FCC takes aim this week at protecting wireless consumers

The Federal Communications Commission this week plans to start digging in on wireless, with the goal of strengthening consumer protection.

The FCC's probe, expected to be discussed Thursday at its regular meeting, has three parts: One will examine wireless competition; the second will look at barriers to entry and investment; the third will focus on consumer billing, including wireless contracts.

The FCC's push is a big win for the USA's 270 million wireless customers, says Ben Scott, public policy director at Free Press, a consumer advocacy group. "There's a cop back on the beat at the FCC on behalf of consumers, and it's a welcome one, particularly if they deliver."

Joel Kelsey, public policy analyst at Consumers Union, publisher of Consumer Reports, agrees. "This is leading to a bigger action by the FCC."

They say the FCC is trying to answer a basic but critical question: "Who controls the future of the mobile Internet" — consumers or wireless players?

As recent events have demonstrated, Kelsey says, the interests of wireless players sometimes collide with those of consumers.

On Friday, AT&T confirmed that its partnership agreement with Apple requires Apple aapl to block "VoIP," or Internet telephony, on the iPhone. Many consumers love VoIP, but it competes head-on with AT&T's voice business.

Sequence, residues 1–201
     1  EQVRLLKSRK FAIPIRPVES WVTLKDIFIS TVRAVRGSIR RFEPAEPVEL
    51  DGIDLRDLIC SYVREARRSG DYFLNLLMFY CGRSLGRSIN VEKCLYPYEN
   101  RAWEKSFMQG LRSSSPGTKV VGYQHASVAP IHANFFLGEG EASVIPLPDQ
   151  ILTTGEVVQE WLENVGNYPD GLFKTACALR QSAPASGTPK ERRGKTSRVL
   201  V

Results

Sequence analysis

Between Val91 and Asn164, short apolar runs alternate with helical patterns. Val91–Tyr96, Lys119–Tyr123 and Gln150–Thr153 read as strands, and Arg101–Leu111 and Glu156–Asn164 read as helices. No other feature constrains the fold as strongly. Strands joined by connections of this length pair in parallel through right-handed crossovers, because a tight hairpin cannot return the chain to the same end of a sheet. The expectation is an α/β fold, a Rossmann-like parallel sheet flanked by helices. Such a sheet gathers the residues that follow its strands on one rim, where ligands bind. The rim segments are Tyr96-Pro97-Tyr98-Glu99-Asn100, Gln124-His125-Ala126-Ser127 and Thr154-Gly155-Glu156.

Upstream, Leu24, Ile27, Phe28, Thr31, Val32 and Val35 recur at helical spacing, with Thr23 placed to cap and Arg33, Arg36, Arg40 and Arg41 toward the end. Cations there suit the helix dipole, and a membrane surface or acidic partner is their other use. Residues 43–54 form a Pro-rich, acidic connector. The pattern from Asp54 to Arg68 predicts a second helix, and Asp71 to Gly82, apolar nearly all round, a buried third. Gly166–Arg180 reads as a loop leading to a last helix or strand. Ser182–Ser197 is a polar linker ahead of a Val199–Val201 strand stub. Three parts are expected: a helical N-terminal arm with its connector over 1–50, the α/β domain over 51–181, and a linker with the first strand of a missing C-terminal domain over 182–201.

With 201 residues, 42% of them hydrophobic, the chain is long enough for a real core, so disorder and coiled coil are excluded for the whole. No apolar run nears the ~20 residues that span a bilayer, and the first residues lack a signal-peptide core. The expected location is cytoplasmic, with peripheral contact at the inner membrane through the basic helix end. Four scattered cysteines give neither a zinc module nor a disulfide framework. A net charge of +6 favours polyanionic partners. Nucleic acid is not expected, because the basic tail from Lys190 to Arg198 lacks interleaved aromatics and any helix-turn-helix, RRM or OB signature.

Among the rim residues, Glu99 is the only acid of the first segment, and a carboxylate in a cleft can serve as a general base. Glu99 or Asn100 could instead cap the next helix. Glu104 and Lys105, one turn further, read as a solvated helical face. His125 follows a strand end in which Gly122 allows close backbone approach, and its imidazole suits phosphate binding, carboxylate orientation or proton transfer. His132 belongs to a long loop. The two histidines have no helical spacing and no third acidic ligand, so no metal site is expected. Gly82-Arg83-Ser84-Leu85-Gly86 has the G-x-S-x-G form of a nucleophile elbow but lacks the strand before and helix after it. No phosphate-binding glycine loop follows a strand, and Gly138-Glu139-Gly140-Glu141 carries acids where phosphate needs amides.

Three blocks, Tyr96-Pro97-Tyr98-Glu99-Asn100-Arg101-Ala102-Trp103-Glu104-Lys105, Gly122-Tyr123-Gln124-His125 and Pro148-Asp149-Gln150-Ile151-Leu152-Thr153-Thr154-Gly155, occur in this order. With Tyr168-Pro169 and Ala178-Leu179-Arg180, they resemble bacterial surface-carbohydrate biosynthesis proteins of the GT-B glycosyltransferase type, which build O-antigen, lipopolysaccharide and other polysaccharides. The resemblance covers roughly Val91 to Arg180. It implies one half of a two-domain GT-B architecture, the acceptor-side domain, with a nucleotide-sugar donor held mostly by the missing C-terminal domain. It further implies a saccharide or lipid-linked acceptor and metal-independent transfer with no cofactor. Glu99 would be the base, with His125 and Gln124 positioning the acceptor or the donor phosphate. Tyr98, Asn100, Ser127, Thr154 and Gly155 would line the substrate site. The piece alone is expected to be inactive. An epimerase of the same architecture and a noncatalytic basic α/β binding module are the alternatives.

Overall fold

AT&T t told the FCC it plans to take a "fresh look" at the technology. Currently, VoIP on the iPhone works only on Wi-Fi.

AT&T's comments were submitted in response to a formal request from the FCC, which is investigating published reports that Google Voice, a free voice application created by Google goog, is banned from the iPhone.

In its comments, AT&T said it had "no role in any decision by Apple not to accept" Google Voice. Apple, in its comments, agreed.

According to Apple, Google Voice has not yet been approved because "it appears to alter" the basic iPhone experience "by replacing the iPhone's core mobile telephone functionality and Apple user interface" with one created by Google for calls, text messaging and e-mail.

Apple also said it had concerns about consumer privacy, noting that, with Google Voice, "The iPhone user's entire contacts database is transferred to Google's servers, and we have yet to obtain any assurances from Google that this data will only be used in appropriate ways."

Google, in its comments, declined to publicly discuss Apple's concerns. Google asked the FCC to keep that part of its letter confidential, the only company to request such treatment. Responses are expected to become a part of the larger FCC probe.